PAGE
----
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Rev. Alban Butler (1711–73). Volume VI: June. The Lives of the Saints. 1866.

June 25

St. Maximus, Bishop of Turin, Confessor

HE was one of the lights of the fifth century, and was indefatigable in preaching the word of God, as Gennadius takes notice; for which function he eminently qualified himself by making the holy scriptures the subject of his continual study and meditation. He assisted at the council of Milan in 451, and at that of Rome under Pope Hilary, in 465, in which latter he subscribed the first after the pope. He died soon after this year. We have a considerable number of his homilies extant on the principal festivals of the year, and on several saints, as St. Stephen, St. Agnes, St. Laurence, St. Cyprian, &c. In his homily on the holy martyrs Octavius, Aventius, and Solutor, whose relics were kept at Turin, where they had received their crowns, he says, “All the martyrs are to be honoured by us, but especially those whose relics we possess. They assist us by their prayers; they preserve us as to our bodies in this life, and receive us when we depart hence.” In his two homilies on Thanksgiving, 1 he earnestly inculcates the duty of paying daily the homage of praise to our Creator, for which he recommends the Psalms: he strongly insists that no one ought ever to neglect morning and evening prayer, or his thanksgiving before and after every meal; he exhorts all persons to make the sign of the cross before every action, saying, “that by the sign of Jesus Christ (devoutly used) a blessing is ensured to us in all things.” We have several other sermons of St. Maximus in the new edition of St. Ambrose’s works; and Mabillon 2 has published twelve others. In the fifth, the saint declaims against the abuses of New Year’s Day, reprehends the custom of making presents to the rich at that time without giving alms to the poor, and condemns hypocritical formalities of friendship in which the heart has no share. The tenth is written “Against heretics who sell the pardon of sins,” whose pretended priests exacted money for absolving penitents instead of bidding them do penance, and weep for their offences. M. Muratori, in his Anecdota, 3 has given us several other homilies of St. Maximus from a manuscript of the Ambrosian library above one thousand years old, written in Longobardic letters. From those on St. Eusebius of Vercelli it appears that the author was himself a native of Vercelli. 4 The name of St. Maximus occurs in the Roman Martyrology, and several lessons from his homilies are inserted in the Roman Breviary. See Cave, Labbe, de Script. Eccl. Ceillier.  1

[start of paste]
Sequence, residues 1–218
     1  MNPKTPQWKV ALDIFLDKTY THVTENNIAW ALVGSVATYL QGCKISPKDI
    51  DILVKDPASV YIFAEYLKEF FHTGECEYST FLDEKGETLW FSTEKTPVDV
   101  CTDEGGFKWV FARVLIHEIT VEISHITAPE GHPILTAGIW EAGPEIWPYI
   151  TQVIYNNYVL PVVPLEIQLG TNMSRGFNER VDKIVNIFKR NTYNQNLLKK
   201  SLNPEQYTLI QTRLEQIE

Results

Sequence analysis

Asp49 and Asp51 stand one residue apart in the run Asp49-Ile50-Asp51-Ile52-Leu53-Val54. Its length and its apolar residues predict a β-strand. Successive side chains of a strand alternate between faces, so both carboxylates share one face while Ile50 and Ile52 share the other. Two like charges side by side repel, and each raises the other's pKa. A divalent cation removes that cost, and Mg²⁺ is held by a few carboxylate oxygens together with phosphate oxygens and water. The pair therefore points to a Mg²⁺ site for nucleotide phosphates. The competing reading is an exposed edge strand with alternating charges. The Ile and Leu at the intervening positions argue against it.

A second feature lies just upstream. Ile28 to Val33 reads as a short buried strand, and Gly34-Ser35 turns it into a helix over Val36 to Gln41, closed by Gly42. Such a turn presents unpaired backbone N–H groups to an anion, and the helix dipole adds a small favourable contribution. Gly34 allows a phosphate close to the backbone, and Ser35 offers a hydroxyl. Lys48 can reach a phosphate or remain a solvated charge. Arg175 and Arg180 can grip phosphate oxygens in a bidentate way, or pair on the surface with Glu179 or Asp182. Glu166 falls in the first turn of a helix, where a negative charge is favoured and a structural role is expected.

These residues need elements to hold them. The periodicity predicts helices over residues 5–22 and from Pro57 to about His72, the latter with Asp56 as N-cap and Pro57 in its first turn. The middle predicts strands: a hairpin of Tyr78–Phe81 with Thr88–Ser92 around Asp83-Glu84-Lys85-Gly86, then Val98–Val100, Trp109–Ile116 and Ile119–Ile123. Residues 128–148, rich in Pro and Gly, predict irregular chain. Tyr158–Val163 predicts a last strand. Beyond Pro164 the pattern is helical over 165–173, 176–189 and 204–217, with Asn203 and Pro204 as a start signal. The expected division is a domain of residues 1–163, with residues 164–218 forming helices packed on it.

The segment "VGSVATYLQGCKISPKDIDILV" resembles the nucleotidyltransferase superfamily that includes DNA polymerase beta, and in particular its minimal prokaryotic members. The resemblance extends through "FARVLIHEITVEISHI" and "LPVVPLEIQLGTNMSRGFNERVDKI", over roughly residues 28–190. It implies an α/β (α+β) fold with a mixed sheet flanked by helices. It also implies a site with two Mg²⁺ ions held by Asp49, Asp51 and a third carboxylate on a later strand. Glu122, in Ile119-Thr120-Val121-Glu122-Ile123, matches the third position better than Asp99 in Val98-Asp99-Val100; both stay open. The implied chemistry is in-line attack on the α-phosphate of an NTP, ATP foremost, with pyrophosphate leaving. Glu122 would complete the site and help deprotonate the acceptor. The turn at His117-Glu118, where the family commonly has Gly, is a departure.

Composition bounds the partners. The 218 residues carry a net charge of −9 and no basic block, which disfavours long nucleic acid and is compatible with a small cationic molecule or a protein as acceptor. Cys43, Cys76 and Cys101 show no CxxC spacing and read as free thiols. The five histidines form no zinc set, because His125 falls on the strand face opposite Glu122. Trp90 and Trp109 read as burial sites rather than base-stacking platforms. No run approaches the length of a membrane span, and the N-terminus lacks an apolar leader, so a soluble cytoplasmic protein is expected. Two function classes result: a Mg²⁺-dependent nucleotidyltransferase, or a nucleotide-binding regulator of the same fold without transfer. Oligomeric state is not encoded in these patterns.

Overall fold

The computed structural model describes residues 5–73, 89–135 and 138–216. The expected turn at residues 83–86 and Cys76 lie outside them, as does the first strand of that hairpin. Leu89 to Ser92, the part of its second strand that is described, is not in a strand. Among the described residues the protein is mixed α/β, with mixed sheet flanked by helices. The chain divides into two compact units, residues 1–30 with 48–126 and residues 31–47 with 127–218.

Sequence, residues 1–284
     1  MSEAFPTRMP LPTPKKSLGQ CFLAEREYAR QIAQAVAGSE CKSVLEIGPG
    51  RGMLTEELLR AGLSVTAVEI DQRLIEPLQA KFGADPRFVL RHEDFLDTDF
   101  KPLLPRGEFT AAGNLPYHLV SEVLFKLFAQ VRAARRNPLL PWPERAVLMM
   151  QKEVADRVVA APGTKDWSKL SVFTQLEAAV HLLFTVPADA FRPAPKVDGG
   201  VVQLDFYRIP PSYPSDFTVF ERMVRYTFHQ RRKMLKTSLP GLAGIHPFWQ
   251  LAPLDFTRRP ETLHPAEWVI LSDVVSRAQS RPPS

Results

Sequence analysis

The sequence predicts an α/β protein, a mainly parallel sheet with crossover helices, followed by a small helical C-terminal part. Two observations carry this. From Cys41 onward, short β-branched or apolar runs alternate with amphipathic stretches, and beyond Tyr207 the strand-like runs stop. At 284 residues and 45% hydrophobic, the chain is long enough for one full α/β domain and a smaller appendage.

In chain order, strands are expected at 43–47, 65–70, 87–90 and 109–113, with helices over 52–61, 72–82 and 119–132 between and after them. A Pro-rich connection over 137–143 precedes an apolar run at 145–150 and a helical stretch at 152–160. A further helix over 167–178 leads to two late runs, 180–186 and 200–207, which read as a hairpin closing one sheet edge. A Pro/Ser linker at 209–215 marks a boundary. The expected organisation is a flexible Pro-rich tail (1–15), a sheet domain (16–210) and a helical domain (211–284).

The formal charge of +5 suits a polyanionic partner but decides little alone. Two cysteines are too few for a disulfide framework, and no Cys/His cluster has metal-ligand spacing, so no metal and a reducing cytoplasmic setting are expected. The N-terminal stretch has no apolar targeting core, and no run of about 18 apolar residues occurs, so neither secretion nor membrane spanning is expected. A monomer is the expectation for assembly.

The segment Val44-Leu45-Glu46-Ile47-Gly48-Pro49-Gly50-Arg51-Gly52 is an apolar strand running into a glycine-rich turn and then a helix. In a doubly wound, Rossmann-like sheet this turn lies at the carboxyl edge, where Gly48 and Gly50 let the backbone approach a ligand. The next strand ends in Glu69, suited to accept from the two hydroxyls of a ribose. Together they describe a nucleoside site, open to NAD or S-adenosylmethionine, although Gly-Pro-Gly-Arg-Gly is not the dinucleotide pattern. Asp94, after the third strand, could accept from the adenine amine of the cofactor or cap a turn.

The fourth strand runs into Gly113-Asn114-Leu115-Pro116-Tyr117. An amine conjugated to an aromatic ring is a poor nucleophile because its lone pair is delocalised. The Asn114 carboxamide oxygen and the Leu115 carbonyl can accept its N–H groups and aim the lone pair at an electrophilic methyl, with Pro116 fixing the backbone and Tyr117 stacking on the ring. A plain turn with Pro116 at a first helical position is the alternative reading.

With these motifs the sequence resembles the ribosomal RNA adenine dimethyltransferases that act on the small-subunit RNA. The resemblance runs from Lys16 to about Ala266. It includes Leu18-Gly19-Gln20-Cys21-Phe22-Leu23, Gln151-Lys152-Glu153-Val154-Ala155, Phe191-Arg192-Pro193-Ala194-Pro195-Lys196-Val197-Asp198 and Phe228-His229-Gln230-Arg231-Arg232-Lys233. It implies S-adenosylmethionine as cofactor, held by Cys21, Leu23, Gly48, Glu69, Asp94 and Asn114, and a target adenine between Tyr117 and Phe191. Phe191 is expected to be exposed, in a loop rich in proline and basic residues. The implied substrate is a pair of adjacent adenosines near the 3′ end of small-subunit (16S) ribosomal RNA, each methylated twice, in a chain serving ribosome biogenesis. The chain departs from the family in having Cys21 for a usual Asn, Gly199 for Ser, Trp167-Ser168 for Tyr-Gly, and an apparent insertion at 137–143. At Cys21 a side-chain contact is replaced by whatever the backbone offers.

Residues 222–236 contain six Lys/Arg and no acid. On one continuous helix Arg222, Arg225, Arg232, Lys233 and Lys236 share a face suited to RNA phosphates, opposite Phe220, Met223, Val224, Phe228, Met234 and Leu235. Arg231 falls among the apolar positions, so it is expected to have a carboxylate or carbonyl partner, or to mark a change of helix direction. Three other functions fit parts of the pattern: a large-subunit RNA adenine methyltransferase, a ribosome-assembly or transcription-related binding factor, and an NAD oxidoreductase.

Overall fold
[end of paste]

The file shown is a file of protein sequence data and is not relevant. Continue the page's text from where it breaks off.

Note 1. P. 43, 44. [back]
Note 2. Musæum Italicum, t. 1, p. 9. [back]
Note 3. Anecdot. t. 3, p. 6. [back]
Note 4. The whole collection of the sermons of St. Maximus which are extant, is most correctly given, with Muratori’s remarks, &c. by Polet, a printer at Venice, at the end of his edition of the works of St. Leo, anno 1748. [back]